To explore this topic, one needs to have a working knowledge of two different research areas. First[TJL7], one must have an idea of how the publishing industry works.[TJL8]. What do publishers look for and expect in the romance novels they print? How did this industry develop? Also, one should have a general knowledge on rape. Such a general knowledge would include a basic definition of what constitutes rape, how rape is perceived, and the effects of rape on the individual and society. It [TJL9]is only through knowing the background of these topics that one will be able to address the proposal question .[TJL10]

Romance Novels and the Publishing World: Romance novels have a long history. Some even hypothesize that the origins of the romance genre can be traced all the way back to Pamela, a novel by Samuel Richardson which was the first British novel and first English novel printed in the United States (Modleski, 15). Over the decades, the romance novel has changed and evolved. Along with this change in the novels themselves brought changes in the publishing industry. However, all these changes made the romance novel industry the successful enterprise it is today.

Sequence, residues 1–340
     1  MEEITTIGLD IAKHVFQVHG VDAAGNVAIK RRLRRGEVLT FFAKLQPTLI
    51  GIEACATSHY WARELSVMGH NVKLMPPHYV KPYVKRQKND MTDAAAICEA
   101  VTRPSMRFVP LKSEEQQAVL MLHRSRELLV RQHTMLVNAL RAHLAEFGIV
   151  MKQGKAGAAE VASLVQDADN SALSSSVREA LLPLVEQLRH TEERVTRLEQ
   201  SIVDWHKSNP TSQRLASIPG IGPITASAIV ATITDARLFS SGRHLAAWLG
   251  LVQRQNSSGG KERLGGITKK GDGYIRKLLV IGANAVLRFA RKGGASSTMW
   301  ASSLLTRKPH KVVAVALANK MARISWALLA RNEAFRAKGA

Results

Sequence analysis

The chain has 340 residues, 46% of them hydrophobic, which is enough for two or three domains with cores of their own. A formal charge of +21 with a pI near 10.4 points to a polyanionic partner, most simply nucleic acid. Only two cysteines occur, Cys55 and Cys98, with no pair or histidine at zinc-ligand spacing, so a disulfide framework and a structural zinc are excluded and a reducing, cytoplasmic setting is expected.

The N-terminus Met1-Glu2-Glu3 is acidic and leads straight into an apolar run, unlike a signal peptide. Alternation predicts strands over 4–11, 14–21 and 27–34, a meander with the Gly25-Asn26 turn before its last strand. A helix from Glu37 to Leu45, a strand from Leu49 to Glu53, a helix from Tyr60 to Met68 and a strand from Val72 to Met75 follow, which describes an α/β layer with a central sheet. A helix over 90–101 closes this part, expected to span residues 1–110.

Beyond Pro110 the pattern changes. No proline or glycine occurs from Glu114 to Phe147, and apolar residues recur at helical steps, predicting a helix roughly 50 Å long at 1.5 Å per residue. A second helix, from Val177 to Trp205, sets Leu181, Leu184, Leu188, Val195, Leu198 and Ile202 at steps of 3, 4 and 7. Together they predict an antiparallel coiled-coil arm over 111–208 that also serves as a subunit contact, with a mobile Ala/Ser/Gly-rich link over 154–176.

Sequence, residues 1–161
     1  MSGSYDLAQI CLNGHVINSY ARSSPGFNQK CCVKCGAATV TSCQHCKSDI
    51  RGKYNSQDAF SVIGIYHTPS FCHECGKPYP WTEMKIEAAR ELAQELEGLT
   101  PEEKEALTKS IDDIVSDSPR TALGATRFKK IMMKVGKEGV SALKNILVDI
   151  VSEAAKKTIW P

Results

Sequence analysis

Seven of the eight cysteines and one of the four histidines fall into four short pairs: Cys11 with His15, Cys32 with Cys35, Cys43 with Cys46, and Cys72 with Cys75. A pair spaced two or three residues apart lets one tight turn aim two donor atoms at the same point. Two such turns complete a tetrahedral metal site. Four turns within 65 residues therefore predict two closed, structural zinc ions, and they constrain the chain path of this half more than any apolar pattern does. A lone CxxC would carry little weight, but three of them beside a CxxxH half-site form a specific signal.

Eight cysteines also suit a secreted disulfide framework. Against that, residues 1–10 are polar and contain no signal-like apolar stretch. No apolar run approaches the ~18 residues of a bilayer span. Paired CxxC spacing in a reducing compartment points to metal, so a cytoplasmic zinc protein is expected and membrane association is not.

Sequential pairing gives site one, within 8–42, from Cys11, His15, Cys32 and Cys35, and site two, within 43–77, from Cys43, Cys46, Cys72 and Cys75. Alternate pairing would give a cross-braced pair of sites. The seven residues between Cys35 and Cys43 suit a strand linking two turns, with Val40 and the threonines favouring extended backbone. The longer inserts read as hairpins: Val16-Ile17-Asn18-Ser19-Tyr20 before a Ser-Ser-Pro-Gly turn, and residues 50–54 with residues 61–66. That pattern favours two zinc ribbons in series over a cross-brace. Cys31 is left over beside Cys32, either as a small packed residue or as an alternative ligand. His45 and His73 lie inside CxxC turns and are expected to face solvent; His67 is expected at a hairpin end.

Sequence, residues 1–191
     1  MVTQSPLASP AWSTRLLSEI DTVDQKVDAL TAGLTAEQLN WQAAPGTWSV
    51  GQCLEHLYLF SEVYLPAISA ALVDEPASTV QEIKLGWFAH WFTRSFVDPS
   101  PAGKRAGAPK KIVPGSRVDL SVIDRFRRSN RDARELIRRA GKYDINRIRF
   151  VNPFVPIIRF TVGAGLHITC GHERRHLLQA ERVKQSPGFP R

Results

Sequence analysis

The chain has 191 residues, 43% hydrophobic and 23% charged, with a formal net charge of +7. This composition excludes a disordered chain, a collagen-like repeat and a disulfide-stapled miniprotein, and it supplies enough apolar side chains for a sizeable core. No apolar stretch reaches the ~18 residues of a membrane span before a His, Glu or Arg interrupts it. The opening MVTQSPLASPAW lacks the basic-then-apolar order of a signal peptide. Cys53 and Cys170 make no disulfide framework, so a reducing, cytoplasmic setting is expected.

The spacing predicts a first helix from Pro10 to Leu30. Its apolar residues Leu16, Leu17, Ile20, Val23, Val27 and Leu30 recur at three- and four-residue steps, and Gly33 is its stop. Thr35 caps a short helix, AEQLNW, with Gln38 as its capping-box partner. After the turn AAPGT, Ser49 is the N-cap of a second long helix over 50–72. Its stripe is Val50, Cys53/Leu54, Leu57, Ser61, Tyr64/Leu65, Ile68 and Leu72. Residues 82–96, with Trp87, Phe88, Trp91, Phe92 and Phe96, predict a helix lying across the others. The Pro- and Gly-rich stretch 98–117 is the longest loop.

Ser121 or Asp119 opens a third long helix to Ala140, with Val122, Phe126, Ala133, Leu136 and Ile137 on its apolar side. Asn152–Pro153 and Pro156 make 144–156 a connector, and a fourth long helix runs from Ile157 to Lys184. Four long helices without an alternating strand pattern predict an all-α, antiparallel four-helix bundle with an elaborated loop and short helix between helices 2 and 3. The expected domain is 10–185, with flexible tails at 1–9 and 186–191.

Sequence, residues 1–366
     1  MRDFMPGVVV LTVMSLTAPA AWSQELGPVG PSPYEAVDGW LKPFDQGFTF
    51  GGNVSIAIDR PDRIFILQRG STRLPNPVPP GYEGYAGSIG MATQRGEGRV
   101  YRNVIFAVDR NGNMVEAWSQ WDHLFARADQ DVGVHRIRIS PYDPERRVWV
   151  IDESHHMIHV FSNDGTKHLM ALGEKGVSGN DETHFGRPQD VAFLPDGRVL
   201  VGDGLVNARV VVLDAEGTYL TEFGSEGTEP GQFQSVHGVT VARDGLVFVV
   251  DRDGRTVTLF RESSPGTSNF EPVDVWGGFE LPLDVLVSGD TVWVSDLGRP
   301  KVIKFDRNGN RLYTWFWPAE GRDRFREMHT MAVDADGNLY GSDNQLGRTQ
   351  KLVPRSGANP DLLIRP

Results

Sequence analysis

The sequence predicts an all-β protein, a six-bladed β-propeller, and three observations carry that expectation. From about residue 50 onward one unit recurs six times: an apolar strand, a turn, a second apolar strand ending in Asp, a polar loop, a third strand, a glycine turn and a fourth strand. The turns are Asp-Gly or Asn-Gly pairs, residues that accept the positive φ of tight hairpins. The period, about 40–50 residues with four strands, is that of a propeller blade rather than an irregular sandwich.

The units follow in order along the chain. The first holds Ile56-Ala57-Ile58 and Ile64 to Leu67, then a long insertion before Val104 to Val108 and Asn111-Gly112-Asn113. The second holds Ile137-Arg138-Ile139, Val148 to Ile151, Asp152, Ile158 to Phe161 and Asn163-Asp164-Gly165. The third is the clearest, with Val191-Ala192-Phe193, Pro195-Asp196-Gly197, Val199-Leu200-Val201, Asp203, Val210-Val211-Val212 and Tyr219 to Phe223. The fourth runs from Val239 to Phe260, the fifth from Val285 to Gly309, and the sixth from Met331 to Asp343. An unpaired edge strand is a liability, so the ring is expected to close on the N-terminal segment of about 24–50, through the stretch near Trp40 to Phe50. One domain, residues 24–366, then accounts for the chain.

There are many names associated with early, British romance novels. After Richardson came the novels of Radcliffe, Bronte, and Austen, whose works gained immense popularity. Because of the response of the public to these novels, a new romance genre, the Gothic novel, sprang up. These novels were brought to the United States, where they were well received. Most novels in America tended to be English imports (Modleski, 17), and fell into sub-categories within the genre.

In the late eighteenth and early nineteenth century, the sentimental novel gained popularity in America. This novel typically revolved around the tale of a innocent, virginal girl who had to fight off the advances of a rake (an overly ardent male protagonist). At the same time, the domestic novel, or tale centered around the workings of woman’s role within the home, gained popularity. Often times, these two categories would overlap. The authors of these stories were usually primarily concerned with morality, and used their novels to propagate society’s notions of proper female behavior. Females were shown not only how to behave, but also the dire consequences associated with breaking this moral code.